After a day of exploring, head into town to visit adorable little shops and try a pastry at Tellico Grains Bakery

8. Sewanee

Centered around The University of the South’s campus, this college town is located atop Monteagle Mountain  and is gushing with outdoor charm. The campus is a whopping 13,000 acres, and is more than just buildings filled with classrooms. 

Admire the tall archways and the sun-kissed mosaics at The All Saints’ Chapel. Avoid the church’s seal if you are an undergrad; rumor has it those who step on it will never graduate. 

The Sewanee Village sits at the end of University Avenue and boasts an adorable collection of shops filled with knickknacks, art pieces, and handmade items. 

The 19th century gothic architecture of the university has had a strong influence on the area with the latest edition to the grounds being the Sewanee Inn. The 43-room hotel was recently renovated in 2014 with construction costs reaching 12 million dollars to ensure authenticity and overall appeal. 

Hike to the 25-foot sandstone arch that has created an awe-inspiring natural bridge or walk a portion of the 20-mile Perimeter Trail that takes you around the campus.  

Foodies will want to grab a classic breakfast at The Blue Chair Café and Tavern, an Asian inspired lunch at Crossroads Café, and a seasonal dinner at IvyWild

Friday nights are usually spent listening to live music at Angel Park with the locals before heading over to Shenanigans for a couple of drinks. 

9. Huntsville, AL

Alabama is usually overlooked when it comes to planning a vacation, but the state has a surprising amount of things to do – and Huntsville is no exception. 

The Twickenham Historic District is filled with museums that revolve around the town’s historic architecture and is home to the oldest house still standing in the state. 

Walk through the Huntsville Botanical Garden and admire the themed gardens, the large butterfly house, and all the waterfalls along the way. 

Drive through the Harmony Park Safari to see endangered species like zebra, ram, and buffalo from the comfort of your own car. 

Go back in time as you enter the Alabama Constitution Village, where the 1819 Constitutional Convention was held. 

10. Lynchburg

The town of Lynchburg may be small, but it holds great value to the state for being one of the leading distributors of Tennessee’s iconic whiskey. 

Jack Daniel’s is sold far and wide, but its main distillery is right in Lynchburg and is open 7 days a week to show visitors how it’s done. Join a whiskey tour, walk through the building, learn about the process, and taste test a few variations of the famous whiskey. 

It is important to note that you have to be 18 to take a tour and only those 21 and over will have the option to try samples. 

11. Great Smokey Mountains National Park

A bit of a drive from Chattanooga, many will opt for a weekend trip to this national park. But, it is worth the commute; spanning over 500,000 acres, each trail is more beautiful than the last. 

With 150 trails totaling out at over 800 miles, there is a hike for everyone and you could easily spend a week exploring the park’s natural wonders. 

Climb to the top of Clingmans Dome for a stunning view overlooking the park, venture through the ghost town hidden away behind the Elkmont campground, and count the waterfalls for a day full of outdoor fun. 

Thousands of different species call this area home, so keep your eyes peeled for wildlife sightings and remember to carry along bear spray. 

12. Knoxville

Hidden in the shadow of cities like Nashville or Memphis, the city of Knoxville is full of life and oozing with Tennessee appeal.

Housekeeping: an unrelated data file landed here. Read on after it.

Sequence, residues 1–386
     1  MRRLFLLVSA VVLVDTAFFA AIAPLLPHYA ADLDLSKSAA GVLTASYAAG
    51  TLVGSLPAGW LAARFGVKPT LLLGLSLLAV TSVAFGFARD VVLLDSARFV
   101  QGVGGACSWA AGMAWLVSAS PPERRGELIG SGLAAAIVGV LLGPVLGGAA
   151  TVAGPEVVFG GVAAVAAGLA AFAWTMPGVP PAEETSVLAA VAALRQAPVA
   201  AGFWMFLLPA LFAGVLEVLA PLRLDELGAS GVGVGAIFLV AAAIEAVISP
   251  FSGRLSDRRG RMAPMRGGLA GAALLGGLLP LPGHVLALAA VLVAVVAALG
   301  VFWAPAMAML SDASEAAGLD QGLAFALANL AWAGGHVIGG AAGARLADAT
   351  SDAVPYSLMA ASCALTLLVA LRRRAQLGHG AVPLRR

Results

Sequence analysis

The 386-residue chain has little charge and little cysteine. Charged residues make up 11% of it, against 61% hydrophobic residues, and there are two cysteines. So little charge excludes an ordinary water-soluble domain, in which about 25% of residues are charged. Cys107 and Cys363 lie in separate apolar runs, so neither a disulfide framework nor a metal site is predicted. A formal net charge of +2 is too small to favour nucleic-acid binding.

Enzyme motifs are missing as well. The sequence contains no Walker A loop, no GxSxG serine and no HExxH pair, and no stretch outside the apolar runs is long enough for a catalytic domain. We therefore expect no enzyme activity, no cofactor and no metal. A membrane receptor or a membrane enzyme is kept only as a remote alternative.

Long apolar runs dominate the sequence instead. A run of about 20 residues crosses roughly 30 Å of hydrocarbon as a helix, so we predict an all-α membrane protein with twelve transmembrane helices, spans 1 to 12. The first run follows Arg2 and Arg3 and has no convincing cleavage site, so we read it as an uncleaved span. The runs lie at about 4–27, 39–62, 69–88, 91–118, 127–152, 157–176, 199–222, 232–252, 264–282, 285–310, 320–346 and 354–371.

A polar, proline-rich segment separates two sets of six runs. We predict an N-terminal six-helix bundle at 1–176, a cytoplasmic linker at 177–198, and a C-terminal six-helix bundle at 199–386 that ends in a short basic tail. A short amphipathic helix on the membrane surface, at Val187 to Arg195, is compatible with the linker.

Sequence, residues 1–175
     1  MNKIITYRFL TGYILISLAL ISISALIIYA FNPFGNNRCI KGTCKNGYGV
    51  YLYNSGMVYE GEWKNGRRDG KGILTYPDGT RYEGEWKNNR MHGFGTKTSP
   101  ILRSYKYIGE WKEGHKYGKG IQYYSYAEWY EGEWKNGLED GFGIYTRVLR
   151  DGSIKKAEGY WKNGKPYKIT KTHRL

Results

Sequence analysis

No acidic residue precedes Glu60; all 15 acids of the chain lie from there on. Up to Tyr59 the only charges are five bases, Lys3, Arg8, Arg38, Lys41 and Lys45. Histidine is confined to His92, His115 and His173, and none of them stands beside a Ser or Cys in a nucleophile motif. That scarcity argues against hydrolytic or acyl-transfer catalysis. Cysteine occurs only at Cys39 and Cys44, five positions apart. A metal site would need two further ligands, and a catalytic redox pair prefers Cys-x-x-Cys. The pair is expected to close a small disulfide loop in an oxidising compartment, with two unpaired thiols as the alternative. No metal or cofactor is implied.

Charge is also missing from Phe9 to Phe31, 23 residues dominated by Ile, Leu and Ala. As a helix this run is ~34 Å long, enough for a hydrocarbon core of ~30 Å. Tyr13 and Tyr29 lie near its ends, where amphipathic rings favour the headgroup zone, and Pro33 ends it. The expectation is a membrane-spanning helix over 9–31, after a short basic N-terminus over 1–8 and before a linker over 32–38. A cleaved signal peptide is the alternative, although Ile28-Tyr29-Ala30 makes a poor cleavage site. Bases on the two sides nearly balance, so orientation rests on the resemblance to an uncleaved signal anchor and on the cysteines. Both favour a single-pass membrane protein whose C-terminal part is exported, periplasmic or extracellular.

Make your way over to the Peter Kern Library Speakeasy, a hidden bar with some of the best cocktails in town. 

Enjoy free admission into the Knoxville Museum of Art and check out some of the state’s finest pieces of artwork like Cycle of Life Installation by Richard Jolley.

Plan to see a show at the Tennessee Theatre, built in the 1920s with architecture so gorgeous you will feel like royalty the moment you enter its grand doors. 

Visit the local boutiques, grab a bite to eat, and have a couple of drinks at the Market Square

As the sun sets, climb to the top of the 300-foot golden ball, known as the Sunsphere Tower, for a view like no other overlooking the city. 

13. Atlanta, GA

After a visit to this up and coming southern city, you’d be surprised to know that it was the area burnt to the ground during the American Civil War. Now, its streets are lined with highly acclaimed restaurants, museums to honor the city’s history, and a bustling shopping scene. 

The Center for Civil and Human Rights has three stories dedicated to the long and strenuous journey to equality. 

Choose from a variety of different international cuisines along the street of Buford Highway, including Chinese, Mexican, Malaysian, Peruvian, and more. 

Make sure to wear your walking shoes for a day of shopping at the 2.1 million square feet Ponce City Market, overflowing with local boutiques, popular brands, and over 20 restaurants. 

14. Mentone, AL

This small Alabama town sits atop Lookout Mountain and draws in visitors for its lovely scenery and historic setting. 

Desoto Falls stands tall at 104 feet, pooling into a beautiful, emerald body of water and is just a short, relatively flat hike away.

Plan for a picnic under a covered pavilion at Brow Park, one of the few places with a clear view over Lookout Mountain. 

Visit the town’s oldest known structure and unique wooden church at St. Joseph’s On the Mountain.

Mentone Springs Hotel is a sight to be seen, even if you are not staying overnight; it is one of Alabama’s oldest hotels and even made it on the list of the National Register of Historic Places.

15. Blue Ridge, GA

Located at the foot of the Blue Ridge Mountains, the small town hosts tons of activities from outdoor adventures to town festivities.

Once a quiet railroad town, Blue Ridge has grown into a booming location filled with local shops, trendy restaurants, and a fair share of art galleries.

With five local breweries and two wineries within the town lines, there is something for every kind of alcohol connoisseur. 

Sit back and enjoy the view along The Blue Ridge Scenic Railway as it takes you along the Toccoa River, from Blue Ridge to McCaysville and then back again. 

Check out a few of the local hikes – with 300 miles of trails to choose from, there is something suitable for every skill levels. Grab a waterfall map in town to go on a self-guided search for the area’s 16 falls.